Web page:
In the traditional Chinese calendar August is the start of Autumn, and this year Friday, August 7th, marks the beginning of the new season. Although in the western world Autumn is a summer month, the Chinese calendar is concerned with the relative balance of Yin and Yang in the natural environment, which is closely tied to day length. Summer Solstice in June was the longest day of the year. By now the days are getting gradually shorter, and we are only 6 weeks away from the Autumnal Equinox, a day of balance light and dark. Even though August weather can still be hot we are in the time of Yin and contraction in the natural environment.
The first five days of this seasonal node are called Liang Feng Zhi (涼風至) – Cool Winds Arrival. There is a Chinese saying that goes, “in the morning, once Autumn has arrived, in the evening the weather is cool and dry” (早上立了秋，晚上涼颼颼). The weather here in New Jersey this week has been relatively cooler – at the end of last week the evening lows were in the upper 50s.
Although the weather is beginning to shift, August can still be quite damp and humid. In Chinese medicine, weakness in the Spleen and Stomach leads to damp accumulation. This time of year we therefore need to avoid dampness and simultaneously strengthen the digestive organs. One way to accomplish this is to eat light and clear foods, increasing the amount of seasonal vegetables and eating a little less meat. Vegetables can be consumed lightly steamed or stir-fried, or in the case of light salad greens, raw. In general avoid overly hot, spicy foods. Congees are appropriate to help strengthen the digestive organs and one traditional congee recipe for this seasonal node is Euryale Seed and Discorea Congee (Qian Shi Shan Yao Zhou 芡實山藥粥; see below). In addition to dietary recommendations is basic acupressure on supplementing points such as Zu San Li (ST-36). If patients tend to cold and vacuous patterns of the Spleen and Stomach, gentle direct thread moxa at Zu San Li is also applicable.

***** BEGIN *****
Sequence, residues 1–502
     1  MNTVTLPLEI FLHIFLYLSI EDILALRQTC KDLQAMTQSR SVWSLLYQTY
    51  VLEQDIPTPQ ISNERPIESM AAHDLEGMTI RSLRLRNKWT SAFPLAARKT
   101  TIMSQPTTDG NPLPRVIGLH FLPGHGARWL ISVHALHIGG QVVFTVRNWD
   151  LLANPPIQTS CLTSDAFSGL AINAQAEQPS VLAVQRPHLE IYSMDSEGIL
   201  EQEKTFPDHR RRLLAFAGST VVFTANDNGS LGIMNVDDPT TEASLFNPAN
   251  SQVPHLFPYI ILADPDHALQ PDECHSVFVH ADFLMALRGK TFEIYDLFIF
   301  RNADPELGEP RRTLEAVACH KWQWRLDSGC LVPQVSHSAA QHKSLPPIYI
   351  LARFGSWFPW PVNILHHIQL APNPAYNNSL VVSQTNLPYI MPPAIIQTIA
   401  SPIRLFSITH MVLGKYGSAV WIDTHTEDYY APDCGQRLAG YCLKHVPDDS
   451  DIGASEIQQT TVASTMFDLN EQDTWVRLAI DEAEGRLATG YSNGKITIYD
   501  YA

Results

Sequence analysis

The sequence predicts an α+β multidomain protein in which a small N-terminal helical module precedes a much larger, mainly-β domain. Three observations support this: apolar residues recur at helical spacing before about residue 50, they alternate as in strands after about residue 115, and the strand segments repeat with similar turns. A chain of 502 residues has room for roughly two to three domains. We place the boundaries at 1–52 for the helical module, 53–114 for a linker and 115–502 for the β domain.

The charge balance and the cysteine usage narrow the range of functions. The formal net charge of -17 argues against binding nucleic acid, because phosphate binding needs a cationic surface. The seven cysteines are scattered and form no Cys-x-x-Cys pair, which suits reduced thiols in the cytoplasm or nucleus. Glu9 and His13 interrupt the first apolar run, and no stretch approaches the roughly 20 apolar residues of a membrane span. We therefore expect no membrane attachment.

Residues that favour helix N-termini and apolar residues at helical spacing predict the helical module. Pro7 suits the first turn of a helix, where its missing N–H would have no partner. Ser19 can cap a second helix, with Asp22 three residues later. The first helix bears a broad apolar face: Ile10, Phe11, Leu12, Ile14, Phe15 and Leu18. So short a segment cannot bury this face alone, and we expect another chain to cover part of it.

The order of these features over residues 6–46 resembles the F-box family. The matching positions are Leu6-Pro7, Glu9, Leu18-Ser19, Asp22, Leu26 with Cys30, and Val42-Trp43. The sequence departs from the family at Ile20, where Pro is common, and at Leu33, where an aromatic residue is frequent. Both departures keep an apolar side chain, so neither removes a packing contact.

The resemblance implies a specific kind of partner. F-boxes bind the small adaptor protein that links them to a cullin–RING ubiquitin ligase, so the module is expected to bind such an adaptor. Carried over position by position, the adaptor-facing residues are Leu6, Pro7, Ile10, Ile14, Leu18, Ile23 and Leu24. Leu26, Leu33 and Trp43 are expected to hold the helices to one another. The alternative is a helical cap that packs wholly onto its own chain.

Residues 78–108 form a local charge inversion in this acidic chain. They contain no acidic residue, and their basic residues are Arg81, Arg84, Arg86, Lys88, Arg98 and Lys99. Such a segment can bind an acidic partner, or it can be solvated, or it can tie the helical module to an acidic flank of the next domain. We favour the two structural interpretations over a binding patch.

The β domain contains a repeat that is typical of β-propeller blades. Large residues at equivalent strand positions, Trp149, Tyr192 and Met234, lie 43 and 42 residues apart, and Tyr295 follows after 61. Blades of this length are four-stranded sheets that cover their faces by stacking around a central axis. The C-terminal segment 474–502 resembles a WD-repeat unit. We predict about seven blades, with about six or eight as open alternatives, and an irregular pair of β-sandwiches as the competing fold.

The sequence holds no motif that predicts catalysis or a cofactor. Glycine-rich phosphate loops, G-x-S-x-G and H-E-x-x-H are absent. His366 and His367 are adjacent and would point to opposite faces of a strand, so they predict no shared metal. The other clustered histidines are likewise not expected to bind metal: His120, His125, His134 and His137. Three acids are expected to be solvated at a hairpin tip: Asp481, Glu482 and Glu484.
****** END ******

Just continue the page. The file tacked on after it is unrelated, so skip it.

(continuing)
Autumn is the season associated with the Lungs. As such, even though we want to avoid very spicy foods, mildly acrid foods are good this time of year for Lung function. These foods include ginger, scallion, leek, and black pepper. Mildly sweet and slightly sour fruits also help moisten and benefit the Lungs, including the now in-season stone fruits (i.e., plums and peaches).
This season we need to be cautious of sudden return of very hot and humid weather. In Chinese this is called “The Old Tiger of Autumn” (Qiu Lao Hu 秋老虎), and is similar to what in the west we would call an Indian Summer. When the old tiger rears its head again Summerheat pathogens are a risk – symptoms of this include headache, dizziness, nausea or vomiting, poor appetite, stuffy chest, heavy or fatigued limbs, and possibly diarrhea. If intense hot and damp weather returns, focus the diet on foods that are cooling and moistening. Foods to consider adding on a daily basis include all sorts of sprouts (e.g., mung bean or alfalfa), cucumbers, muskmelon, winter melon, tomato, and loofah. Mung beans are very cooling, and in hot weather they can be made into a sweet dessert soup.
Euryale Seed and Discorea Congee (Qian Shi Shan Yao Zhou) 芡實山藥粥
· 1 cup rice (use glutinous rice if available)
· 200g Euryale seed (Qian Shi 芡實)
· 200g Discorea (Shan Yao 山藥)
· 200 g sugar
1. Grind rice, Euryale seed, and Discorea to a powder. Mix the three together with sugar and blend well so evenly mixed
2. In a pan, add 50 – 100g of blended powder to cold water, enough to make a thick soupy consistency
3. Put over medium flame and warm for several minutes, stirring occasionally
4. Enjoy in the morning on an empty stomach (consume warm)
Functions: Strengthens the Spleen, stops diarrhea
Contraindications: Diarrhea due to infections, damp heat type diarrhea